Hypervariability generated by natural selection in an extracellular complement-inhibiting protein of serotype M1 strains of group A Streptococcus

Kathryn E. Stockbauer, Diana Grigsby, Xi Pan, Yun Xin Fu, Luis M. Perea Mejia, Alejandro Cravioto, James M. Musser

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Abstract

In many countries, M1 strains of the human pathogenic bacterium group A Streptococcus are the most common serotype recovered from patients with invasive disease episodes. Strains of this serotype express an extracellular protein that inhibits complement [streptococcal inhibitor of complement (Sic)] and is therefore believed to be a virulence factor. Comparative sequence analysis of the 915-bp sic gene in 165 M1 organisms recovered from diverse localities and infection types identified 62 alleles. Inasmuch as multilocus enzyme electrophoresis and pulsed-field gel electrophoresis previously showed that most MI organisms represent a distinct streptococcal clone, the extent of sic gene polymorphism was unexpected. The level of polymorphism greatly exceeds that recorded for all other genes examined in serotype M1 strains. All insertions and deletions are in frame, and virtually all nucleotide substitutions alter the amino acid sequence of the Sic protein. These molecular features indicate that structural change in Sic is mediated by natural selection. Study of 70 strains recovered from two temporally distinct epidemics of streptococcal infections in the former East Germany found little sharing of Sic variants among strains recovered in the different time periods. Taken together, the data indicate that sic is a uniquely variable gene and provide insight into a potential molecular mechanism contributing to fluctuations in streptococcal disease frequency and severity.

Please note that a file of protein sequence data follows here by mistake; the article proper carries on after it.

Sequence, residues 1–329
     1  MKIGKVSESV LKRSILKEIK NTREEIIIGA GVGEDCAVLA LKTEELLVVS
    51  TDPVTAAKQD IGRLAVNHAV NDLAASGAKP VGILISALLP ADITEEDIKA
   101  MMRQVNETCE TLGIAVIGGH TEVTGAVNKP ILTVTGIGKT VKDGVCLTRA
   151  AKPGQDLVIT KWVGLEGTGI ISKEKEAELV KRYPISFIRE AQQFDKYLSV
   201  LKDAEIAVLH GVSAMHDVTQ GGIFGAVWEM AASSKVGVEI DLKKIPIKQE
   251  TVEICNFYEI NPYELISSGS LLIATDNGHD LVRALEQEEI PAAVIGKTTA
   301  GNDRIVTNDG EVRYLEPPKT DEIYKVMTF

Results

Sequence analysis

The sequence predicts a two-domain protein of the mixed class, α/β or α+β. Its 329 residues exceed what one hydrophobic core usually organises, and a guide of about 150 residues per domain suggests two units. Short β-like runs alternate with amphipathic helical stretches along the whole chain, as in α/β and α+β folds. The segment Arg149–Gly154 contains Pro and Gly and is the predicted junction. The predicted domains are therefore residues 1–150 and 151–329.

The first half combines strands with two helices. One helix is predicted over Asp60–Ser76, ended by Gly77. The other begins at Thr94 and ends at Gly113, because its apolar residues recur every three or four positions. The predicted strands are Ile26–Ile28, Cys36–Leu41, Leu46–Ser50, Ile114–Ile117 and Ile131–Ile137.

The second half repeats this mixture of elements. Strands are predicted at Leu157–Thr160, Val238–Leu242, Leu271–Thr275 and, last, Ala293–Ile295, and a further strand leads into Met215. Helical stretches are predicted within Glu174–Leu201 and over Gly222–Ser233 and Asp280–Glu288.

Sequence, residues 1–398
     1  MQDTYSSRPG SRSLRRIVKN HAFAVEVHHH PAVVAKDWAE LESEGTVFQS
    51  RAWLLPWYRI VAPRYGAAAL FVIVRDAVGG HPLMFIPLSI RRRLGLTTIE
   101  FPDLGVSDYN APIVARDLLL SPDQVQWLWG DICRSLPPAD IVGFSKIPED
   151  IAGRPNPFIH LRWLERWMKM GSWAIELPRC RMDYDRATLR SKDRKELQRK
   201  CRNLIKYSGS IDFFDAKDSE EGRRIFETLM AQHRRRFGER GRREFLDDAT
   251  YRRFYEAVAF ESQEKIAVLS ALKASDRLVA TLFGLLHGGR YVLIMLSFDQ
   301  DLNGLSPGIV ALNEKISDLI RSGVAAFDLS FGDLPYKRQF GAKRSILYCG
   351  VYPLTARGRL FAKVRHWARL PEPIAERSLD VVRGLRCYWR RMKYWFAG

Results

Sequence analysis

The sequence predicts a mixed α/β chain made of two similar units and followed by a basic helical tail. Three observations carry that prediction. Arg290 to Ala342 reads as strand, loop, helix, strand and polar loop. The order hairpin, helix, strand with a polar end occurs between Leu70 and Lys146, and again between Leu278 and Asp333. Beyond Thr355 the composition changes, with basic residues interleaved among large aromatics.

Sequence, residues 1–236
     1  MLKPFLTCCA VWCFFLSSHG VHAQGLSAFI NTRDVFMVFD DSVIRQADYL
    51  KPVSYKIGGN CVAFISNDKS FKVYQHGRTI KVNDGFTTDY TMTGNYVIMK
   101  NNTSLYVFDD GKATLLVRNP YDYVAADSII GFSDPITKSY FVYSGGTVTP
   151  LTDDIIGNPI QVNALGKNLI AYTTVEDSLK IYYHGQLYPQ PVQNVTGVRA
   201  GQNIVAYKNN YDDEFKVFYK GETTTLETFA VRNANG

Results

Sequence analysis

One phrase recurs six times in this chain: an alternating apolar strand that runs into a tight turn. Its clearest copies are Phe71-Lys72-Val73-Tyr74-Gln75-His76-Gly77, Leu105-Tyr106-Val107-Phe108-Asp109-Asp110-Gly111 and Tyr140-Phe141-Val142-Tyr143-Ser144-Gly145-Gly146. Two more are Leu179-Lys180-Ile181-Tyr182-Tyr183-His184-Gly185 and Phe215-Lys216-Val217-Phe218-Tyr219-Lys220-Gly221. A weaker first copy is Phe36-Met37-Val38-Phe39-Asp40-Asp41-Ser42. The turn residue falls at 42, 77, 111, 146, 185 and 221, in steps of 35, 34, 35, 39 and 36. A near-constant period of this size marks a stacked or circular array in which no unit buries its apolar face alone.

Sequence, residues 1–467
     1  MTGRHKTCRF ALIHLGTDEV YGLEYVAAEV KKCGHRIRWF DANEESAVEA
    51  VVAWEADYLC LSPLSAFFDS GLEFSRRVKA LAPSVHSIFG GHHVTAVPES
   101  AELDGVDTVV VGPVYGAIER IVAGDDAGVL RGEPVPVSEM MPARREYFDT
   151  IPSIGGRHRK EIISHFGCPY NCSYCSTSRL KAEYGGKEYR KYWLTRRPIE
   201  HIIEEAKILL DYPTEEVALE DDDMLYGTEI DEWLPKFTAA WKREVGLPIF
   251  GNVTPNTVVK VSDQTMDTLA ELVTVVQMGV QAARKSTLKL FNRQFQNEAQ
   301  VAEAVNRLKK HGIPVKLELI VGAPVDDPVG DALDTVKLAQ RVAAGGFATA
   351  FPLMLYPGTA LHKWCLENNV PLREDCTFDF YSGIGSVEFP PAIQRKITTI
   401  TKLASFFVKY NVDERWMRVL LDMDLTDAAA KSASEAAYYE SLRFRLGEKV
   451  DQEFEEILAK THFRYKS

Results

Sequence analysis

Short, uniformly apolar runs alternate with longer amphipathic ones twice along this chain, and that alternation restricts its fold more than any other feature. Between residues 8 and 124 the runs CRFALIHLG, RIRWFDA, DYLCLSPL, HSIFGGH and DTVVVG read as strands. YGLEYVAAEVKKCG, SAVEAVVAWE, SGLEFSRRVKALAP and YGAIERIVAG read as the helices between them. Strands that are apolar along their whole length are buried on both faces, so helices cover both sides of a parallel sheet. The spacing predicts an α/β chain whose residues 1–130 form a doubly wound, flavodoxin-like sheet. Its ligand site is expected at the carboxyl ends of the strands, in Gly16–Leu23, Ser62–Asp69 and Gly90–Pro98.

Original languageEnglish (US)
Pages (from-to)3128-3133
Number of pages6
JournalProceedings of the National Academy of Sciences of the United States of America
Volume95
Issue number6
DOIs
StatePublished - Mar 17 1998

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